Chalcogenide compounds are glass-forming materials of increasing interest, since they form the active material of the emerging non-volatile phase change memories (PCM), based on the reversible transition between the amorphous (low conductivity) and crystalline (high conductivity), induced by ultrashort current pulses. In IMM-CNR, Agrate the main focus is on, in particular for nanowires of the In-Ge-Sb-Te system, self-assembling by MOCVD. Although cross-bar advanced architectures are announced by Micron-Intel and expected to enter the market soon, the implementation of NW-based devices is considered as explorative for downscaling (TRL = 3), alongside with the parallel approach based on interfacial PCM (superlattice structures).
In order to investigate the potentialities of such structures to increase the storage density and reduce the power consumption, a functional analysis of the grown chalcogenide nanowires is performed in IMM-CNR on both large and local area. A recent collaboration has started with IMM-CNR, Catania for the study of core-shell phase change nanowires, aiming at EBL metal contacting, electrical and structural analysis.
Within the framework of the joint research program with STMicroelectronics, IMM-CNR, Agrate is involved in the structural and electrical analysis of chalcogenides for embedded PCM.IMM Agrate is also involved in the growth and analysis of 2D Transition Metal Chalcogenides, such as MoS2 and MoTe2 looking for new properties and functionalities. The activity started in 2014 within the joint research program between US-Army and CNR-IMM-MDM, on “2D materials for the future: fundamental properties control at atomic scale”, 2014-15.
Two-dimensional transition metal dichalcogenides (TMDs), like MoS2, in a few years imposed strongly as an alternative or a complement to graphene, thanks to their inherent semiconducting character. This and other advantages such as high spin-orbit coupling, strong enhancement of photoluminescence (PL) and solid-state lubricant properties, open up perspectives for its integration, for instance in spinelectronics, optoelectronics and nanotribology, in addition to its employment in the field of hydrogen storage, catalysis and bio-sensing.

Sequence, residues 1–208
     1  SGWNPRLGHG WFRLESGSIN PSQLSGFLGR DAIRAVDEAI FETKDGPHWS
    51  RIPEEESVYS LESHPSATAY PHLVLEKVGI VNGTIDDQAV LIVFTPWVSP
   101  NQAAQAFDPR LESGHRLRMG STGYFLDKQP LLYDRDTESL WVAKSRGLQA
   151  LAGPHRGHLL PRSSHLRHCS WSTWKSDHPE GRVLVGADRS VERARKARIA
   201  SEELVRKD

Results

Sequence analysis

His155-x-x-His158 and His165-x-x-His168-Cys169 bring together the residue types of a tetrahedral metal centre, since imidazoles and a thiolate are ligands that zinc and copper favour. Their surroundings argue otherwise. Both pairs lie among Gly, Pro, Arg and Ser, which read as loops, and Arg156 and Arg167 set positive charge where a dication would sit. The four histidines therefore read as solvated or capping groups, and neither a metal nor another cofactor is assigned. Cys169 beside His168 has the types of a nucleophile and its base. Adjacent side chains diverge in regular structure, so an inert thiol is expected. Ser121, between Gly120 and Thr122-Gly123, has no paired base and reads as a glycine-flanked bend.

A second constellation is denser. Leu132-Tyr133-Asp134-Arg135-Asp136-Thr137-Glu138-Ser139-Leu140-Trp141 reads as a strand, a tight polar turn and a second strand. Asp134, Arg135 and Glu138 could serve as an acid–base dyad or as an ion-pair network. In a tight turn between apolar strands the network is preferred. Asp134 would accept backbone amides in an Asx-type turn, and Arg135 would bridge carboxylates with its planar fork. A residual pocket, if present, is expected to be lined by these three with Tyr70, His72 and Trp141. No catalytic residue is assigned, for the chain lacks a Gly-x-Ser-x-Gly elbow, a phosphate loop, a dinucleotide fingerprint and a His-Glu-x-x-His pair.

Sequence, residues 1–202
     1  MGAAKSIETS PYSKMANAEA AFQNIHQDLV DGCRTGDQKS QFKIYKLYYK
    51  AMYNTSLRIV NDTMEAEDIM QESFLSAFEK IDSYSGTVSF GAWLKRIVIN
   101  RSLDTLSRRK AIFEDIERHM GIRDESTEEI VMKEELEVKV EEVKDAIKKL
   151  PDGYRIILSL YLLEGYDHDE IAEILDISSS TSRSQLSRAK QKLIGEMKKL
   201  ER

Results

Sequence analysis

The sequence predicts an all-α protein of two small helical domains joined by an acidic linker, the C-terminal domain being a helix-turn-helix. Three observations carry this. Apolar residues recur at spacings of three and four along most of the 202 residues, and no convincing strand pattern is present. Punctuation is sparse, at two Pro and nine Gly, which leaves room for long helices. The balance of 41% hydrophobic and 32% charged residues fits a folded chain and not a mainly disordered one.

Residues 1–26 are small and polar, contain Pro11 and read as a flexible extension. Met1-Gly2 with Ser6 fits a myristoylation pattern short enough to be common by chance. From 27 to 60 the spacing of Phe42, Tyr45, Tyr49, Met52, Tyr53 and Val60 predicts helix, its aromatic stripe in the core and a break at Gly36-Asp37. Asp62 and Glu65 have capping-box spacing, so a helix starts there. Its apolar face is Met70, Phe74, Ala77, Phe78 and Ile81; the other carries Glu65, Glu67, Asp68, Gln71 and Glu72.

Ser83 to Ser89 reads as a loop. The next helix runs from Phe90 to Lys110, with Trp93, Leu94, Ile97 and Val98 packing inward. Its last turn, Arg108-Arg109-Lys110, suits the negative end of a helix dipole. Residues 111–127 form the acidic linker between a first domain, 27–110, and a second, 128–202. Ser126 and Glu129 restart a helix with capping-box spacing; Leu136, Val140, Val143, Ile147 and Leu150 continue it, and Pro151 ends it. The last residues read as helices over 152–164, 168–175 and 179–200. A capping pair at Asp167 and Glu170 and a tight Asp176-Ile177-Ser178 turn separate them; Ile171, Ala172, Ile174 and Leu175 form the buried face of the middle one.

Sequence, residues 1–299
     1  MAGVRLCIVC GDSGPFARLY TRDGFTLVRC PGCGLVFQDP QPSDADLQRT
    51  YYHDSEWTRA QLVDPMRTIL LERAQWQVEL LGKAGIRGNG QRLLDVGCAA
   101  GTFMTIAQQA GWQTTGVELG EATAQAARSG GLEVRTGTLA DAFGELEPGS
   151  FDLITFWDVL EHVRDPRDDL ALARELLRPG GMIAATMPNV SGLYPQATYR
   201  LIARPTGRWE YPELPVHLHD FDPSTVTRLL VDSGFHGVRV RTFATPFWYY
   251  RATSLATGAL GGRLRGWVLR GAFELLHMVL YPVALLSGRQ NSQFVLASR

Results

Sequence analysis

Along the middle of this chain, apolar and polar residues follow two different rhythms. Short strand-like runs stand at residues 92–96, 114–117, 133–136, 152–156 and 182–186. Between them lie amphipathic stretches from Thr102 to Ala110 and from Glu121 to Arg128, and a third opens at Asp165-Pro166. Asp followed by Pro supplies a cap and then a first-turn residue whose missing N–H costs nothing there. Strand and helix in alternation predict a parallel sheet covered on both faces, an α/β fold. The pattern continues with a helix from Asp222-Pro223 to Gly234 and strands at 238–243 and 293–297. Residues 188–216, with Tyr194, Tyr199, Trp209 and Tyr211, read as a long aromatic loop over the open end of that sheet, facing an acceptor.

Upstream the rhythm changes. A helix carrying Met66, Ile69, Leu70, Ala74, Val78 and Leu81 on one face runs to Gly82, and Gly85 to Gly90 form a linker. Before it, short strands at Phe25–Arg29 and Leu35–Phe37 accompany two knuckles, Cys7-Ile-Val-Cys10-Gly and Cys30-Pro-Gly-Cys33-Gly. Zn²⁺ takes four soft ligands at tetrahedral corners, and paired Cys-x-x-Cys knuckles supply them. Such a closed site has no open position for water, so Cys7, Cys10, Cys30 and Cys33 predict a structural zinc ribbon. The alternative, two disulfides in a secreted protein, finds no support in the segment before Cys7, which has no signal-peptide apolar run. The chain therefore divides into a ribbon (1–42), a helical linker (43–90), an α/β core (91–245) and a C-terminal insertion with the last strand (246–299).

Sb2Te3 nanowires for topological insulators (with A. Debernardi of IMM-CNR, Agrate and C. Canali of Linnaeus University of Kalmar, Sweden);
Sb2Te3 films for thermoelectric materials (with A. Roncaglia of IMM-CNR, Bologna);
In-Ge-Sb-Te nanowires for thermoelectric materials (with I. Zardo of University of Basel, Switzerland and S. Roddaro of CNR-Nano, Pisa).
Massimo Longo, staff researcher
Claudia Wiemer, staff researcher
Graziella Tallarida, staff researcher
Raimondo Cecchini, post-doc researcher
Simone Selmo, PhD student
European project FP7-SYNAPSE (Grant no. 310339)
CNRS and University of Bordeaux – France
Technical University of Braunschweig – Germany
Technical University of Wien – Austria
University of Milano Bicocca – Italy
IMEM-CNR, Parma -Italy
IMM-CNR, Catania - Italy
Involved main instrumentation
MOCVD reactor Aixtron 200/4
SEM-FEG Zeiss Supra 40
TXRF - gnr XRR-TXRF 3000 system
XRD/XRR vs temperature – ItalStructures HRD3000 diffractometer
Sheet resistance vs. temperature - van der Pauw 4-probe method
Clean room for sample processing pre- and post-growth
Thermal conductivity - 3Ω method, photothermal radiometry (At CNRS-Bordeaux) and thermal AFM (at CNRS –Bordeaux)
Electrical analysis – pulsed I-V setup (IMM-Catania/Agrate B.za/Vienna), conductive AFM
EBL nanofabrication and contacts (IMM, Catania/Vienna)
JEOL 2200FS FEG STEM/TEM (IMEM, Parma).
Contact person: Massimo Longo